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MARRYAT, FREDERICK, author; b. 10 July 1792 in London, second of 15 children of Joseph Marryat and Charlotte Von Geyer; m. 21 Jan. 1819 Catherine Shairp, and they had 11 children, 8 of whom survived infancy; d. 9 Aug. 1848 in Langham, Norfolk, England.
Frederick Marryat, “a model young scamp” at Mr Freeman’s Academy in Ponders End (London), ran away twice with the intention of going to sea. His determination led his father, an influential businessman and later a Tory member of parliament, to get the boy a berth in September 1806 as a volunteer on the naval frigate Impérieuse. After service in various ships that saw more action than most, Marryat passed for lieutenant in October 1812. Promotion was delayed until 26 December because he had not been christened “according to the rules of the Established Church of England.”
Between 1813 and 1815 Marryat demonstrated the first signs of haemoptysis, the expectoration of blood from the lungs or bronchi, possibly caused by an unsuccessful attempt to save a seaman who had fallen overboard. His bravery and humanity were recorded in a series of certificates dating from this period, and brought him a medal from the Royal Humane Society. In 1815 Marryat was promoted commander. He commanded the Beaver sloop in 1820–21 and was one of three officers to sketch Napoleon on his deathbed at St Helena on 5 May 1821. Four days later he took to England the dispatches reporting Napoleon’s death, and until going on half pay in February 1822, he was employed in the prevention of smuggling in the English Channel. In 1823 he sailed for Burma, where he distinguished himself by adapting a small steam vessel for naval operations. On 14 April 1825 he was confirmed in the rank of post captain. He returned to England in January 1826, paid off his ship, and on 26 Dec. 1826 was made a
Marryat then took up the career as a writer that he had been flirting with for a number of years. In 1817 he had published A code of signals for the use of vessels employed in the merchant service (London), which remained in official use until 1857. In 1819 he was made a fellow of the Royal Society in recognition of this work as well as for his skill at caricature and his knowledge of science. He would also receive the cross of the French Legion of Honour in 1833 for his services to navigation. His second work, which appeared in 1822, dealt with suggestions for the abolition of impressment. In 1829 in London he published his first, largely autobiographical, novel, The naval officer; or, scenes and adventures in the life of Frank Mildmay. He became editor of the Metropolitan Magazine (London) in 1831 and its proprietor from 1832 to 1836. By 1836 he had published eight more novels, including Mr. Midshipman Easy, one of his best-known works. His vivid narrations of adventures, written with zest and humour, together with his talent for characterization, brought him immediate popular and financial success.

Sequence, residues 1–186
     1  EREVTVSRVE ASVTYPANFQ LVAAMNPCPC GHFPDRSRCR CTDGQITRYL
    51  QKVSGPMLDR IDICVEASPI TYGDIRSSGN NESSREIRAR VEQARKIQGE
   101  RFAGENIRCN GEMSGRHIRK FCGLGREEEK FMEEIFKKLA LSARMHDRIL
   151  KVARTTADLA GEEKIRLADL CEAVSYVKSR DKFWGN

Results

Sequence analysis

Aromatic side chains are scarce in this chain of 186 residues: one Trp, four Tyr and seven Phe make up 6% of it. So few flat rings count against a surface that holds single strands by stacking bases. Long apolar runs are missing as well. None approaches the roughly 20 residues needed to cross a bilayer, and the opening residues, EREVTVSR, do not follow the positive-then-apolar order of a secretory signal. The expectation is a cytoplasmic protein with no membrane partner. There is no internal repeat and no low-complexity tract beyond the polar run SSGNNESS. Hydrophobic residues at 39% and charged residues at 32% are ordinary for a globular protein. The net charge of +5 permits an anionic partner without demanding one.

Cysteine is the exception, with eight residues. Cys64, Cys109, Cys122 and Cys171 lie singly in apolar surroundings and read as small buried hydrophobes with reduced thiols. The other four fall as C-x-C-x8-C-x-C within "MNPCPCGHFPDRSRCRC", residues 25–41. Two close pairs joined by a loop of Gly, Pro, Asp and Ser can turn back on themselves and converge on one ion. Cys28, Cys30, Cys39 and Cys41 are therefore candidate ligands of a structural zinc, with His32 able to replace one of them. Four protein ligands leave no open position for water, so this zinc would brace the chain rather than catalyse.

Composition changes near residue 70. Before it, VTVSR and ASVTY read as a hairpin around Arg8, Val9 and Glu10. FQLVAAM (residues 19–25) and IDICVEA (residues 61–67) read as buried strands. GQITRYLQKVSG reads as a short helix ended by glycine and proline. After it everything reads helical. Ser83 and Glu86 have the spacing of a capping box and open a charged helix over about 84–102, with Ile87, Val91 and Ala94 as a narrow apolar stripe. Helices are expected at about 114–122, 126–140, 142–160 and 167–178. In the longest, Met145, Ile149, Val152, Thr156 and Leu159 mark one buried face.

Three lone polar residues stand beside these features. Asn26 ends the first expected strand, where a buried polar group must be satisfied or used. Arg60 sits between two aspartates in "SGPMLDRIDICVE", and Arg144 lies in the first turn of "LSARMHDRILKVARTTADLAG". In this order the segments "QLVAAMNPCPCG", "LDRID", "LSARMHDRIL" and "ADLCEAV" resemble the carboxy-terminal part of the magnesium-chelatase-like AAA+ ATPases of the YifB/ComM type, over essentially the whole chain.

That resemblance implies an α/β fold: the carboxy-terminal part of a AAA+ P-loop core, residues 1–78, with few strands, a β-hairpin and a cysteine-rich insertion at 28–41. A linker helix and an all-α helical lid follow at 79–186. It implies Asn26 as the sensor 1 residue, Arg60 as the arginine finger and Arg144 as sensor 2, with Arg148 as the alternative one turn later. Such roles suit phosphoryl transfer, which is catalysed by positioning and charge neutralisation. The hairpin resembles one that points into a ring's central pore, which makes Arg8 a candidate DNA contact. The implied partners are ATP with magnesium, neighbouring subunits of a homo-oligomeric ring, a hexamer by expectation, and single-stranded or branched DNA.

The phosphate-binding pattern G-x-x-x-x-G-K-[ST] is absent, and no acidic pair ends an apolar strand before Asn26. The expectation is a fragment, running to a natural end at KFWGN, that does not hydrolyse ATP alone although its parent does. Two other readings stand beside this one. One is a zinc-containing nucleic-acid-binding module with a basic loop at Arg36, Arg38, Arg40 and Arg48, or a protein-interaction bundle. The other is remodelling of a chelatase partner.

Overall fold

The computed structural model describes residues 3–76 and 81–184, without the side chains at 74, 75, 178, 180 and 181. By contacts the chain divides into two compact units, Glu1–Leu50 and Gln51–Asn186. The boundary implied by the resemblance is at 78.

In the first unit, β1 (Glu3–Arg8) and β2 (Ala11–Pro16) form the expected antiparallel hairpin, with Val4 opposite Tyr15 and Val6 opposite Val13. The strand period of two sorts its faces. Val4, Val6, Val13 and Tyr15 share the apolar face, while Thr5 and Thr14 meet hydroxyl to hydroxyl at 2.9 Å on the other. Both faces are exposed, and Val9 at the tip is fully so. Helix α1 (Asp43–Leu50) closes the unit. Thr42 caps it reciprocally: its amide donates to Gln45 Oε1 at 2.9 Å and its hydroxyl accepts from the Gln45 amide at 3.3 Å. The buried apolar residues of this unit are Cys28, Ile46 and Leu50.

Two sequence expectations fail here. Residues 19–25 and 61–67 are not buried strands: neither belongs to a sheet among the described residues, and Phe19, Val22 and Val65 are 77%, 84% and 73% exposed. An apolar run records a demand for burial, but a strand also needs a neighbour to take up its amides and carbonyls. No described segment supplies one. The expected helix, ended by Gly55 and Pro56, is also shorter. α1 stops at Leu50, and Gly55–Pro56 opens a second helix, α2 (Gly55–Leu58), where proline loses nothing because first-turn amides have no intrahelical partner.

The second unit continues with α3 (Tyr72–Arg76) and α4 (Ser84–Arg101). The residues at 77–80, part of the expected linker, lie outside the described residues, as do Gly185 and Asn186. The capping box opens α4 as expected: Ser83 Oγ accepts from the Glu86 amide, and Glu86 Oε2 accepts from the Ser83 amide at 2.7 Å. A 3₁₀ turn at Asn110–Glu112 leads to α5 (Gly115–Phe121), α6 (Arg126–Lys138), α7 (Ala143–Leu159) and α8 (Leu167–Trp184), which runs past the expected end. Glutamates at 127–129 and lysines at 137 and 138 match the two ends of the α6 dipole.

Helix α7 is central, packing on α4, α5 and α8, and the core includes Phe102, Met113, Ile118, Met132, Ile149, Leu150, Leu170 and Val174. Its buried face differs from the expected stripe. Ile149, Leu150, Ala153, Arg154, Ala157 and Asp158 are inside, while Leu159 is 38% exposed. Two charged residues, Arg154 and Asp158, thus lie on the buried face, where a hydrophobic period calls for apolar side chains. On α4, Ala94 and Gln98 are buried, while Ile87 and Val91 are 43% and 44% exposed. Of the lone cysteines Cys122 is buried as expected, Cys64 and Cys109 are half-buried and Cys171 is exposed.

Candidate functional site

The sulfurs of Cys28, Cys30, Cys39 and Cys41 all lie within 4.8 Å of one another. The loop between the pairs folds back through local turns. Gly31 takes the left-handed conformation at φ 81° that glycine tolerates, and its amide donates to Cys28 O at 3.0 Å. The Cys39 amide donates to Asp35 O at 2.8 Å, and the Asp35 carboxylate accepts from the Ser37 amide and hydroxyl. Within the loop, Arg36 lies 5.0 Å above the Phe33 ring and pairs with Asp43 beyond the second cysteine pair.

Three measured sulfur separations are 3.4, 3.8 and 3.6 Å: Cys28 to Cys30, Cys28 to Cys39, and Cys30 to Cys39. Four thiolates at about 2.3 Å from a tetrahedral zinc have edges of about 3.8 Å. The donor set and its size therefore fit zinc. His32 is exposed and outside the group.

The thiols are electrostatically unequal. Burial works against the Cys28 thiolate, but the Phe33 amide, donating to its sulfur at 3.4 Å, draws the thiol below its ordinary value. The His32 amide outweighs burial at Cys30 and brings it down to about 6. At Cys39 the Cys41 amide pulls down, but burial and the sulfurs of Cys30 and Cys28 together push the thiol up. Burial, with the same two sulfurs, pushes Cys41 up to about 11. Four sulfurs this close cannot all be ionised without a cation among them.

Volatile, even unstable, Marryat became progressively more estranged from his wife. On 3 April 1837 he left for America, ostensibly “to examine what were the effects of a democratic form of government and climate upon a people which, with all its foreign admixture, may still be considered as English,” but also with a view to taking action to protect his copyright from pirated American editions of his books and to escape from his marital problems. (He would draw up a formal instrument of separation in 1838.) Most of his time in North America was spent in the United States, but on hearing of the rebellions in Upper and Lower Canada he considered it his “duty as an officer to come up and offer my services as a volunteer.” In mid December 1837 he marched north from Montreal with the forces led by Major-General Sir John Colborne* and Lieutenant-Colonel George Augustus Wetherall*. He took part in the battles at Saint-Eustache and Saint-Benôit (Mirabel) against the Patriotes led by Jean-Olivier Chénier and Amury Girod. On 18 December he wrote to his mother, “It has been a sad scene of sacrilege, murder, burning, and destroying. All the fights have been in the churches, and they are now burnt to the ground and strewed with the wasted bodies of the insurgents. War is bad enough, but civil war is dreadful. Thank God it is all over.” Several months after the battles, at a St George’s Day dinner in Toronto, he proposed the health of Andrew Drew* for his efforts in cutting out the Patriot vessel Caroline in December 1837. Consequently, when he returned to the United States he had to brave the wrath of the American mob. He was burned in effigy in the towns he visited, but he weathered the storm with humour and even enhanced his popularity before leaving for England on 20 Nov. 1838.